Strategic Thinking

Songbirds, Bicycles and Strategic Thinking… (Part 3)

Songbirds, Bicycles and Strategic Thinking… (Part 3)

Welcome to the final instalment of this blog mini-series.  (If you’ve missed the first two parts, please do check out part 1 and part 2.)

I spent some time last week talking to my friend Lee Button.

Lee doesn’t work for the church.

He used to, but he resigned.

You see, he has a unique ability that I haven’t seen displayed in others:

He has the ability to cast vision and project a preferred future in any given situation, along with helping people and organisations discover their true purpose and put strategies in place to make this a reality.

Lee is a strategic thinker.

During our discussion, he was quick to point out that there is a difference between strategic planning and strategic thinking.

Strategic thinking is as much about internal/cultural changes as it is about external results.

Strategic thinking, as far as I understand, is about identifying the WHY before implementing the HOW.

The HOW is where Strategic Planning comes in.

Lee stopped working for the church in order to set up his own company, consulting for churches, charities and other organisations to help them reach a better future.

His company, Venture 52, works with organisations, helping them apply strategic thinking to their vision, enabling them to create not only a clearer future but also an ideal path to making that vision a reality.

This is his ministry.

This is how Lee uses the gifts he has been given to serve a wider audience.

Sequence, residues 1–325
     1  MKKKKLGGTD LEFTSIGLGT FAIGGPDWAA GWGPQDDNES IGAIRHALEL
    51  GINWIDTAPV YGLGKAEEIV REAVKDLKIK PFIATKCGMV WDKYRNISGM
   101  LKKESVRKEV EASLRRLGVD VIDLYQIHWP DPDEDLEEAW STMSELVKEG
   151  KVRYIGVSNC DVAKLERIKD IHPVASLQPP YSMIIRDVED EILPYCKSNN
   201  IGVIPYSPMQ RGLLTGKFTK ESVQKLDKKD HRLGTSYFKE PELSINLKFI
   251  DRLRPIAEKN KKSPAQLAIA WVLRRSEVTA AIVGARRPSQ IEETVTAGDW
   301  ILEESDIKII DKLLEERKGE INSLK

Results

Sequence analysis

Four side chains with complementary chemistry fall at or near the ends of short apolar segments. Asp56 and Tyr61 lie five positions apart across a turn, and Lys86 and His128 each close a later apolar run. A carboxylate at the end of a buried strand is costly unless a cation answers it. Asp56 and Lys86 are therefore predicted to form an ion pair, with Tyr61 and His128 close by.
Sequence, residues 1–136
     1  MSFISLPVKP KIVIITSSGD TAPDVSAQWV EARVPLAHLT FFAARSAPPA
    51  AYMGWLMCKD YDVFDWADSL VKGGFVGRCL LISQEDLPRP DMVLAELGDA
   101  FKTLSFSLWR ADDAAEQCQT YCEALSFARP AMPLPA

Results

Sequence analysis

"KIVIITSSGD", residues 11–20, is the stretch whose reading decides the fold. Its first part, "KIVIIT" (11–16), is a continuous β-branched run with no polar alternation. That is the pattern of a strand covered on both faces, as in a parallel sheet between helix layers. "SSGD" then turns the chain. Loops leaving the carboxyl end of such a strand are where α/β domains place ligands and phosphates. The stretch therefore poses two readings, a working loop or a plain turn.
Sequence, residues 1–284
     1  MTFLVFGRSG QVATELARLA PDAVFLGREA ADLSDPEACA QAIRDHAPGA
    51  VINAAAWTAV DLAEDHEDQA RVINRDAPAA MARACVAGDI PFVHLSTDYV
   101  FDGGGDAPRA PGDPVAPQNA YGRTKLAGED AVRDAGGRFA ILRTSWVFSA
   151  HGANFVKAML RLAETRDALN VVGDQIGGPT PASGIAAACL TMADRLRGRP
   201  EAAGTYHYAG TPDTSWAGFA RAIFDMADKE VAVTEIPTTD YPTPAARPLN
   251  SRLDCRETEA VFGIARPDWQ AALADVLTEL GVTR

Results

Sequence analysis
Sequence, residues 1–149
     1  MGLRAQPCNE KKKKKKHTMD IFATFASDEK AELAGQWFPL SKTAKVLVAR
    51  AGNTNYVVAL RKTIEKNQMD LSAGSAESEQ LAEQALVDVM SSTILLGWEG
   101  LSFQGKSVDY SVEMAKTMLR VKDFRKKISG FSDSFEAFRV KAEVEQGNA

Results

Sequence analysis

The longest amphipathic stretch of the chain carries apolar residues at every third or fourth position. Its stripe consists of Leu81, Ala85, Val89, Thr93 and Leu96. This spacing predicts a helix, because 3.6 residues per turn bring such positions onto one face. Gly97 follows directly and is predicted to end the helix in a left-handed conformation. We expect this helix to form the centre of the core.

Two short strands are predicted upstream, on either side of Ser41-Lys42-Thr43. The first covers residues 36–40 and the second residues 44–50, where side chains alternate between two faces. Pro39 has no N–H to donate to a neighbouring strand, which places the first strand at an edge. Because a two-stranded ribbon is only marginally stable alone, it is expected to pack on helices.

He tells me that he believes that because of his relationship with God, who is outside of time, he is able to bring the infinite into the moment, changing people’s thinking, clarifying vision and motivating change.

Ironically perhaps (and this is no reflection on the Church, but rather on Lee’s personal gifts), he left the church in order to start changing the world.

You too have unique gifts.

They may be put to best use in the church.

Equally, though, they may be put to better use outside the church.

You may not be called to lead a congregation but a company.

You may not be called to church music but to a secular arena.

The important thing is this:

God has made you unique, with gifts and talents that are singularly yours.

Do not strive to confine them to a “ministry” role.

Use them.

Daily.

In your work.  In your relationships.  In your church.

And remember:

Wherever you are, there too is your ministry.

Please take a listen to this podcast episode with Lee Button and visit his site to find out more about what he does.  You can also connect with him on Facebook.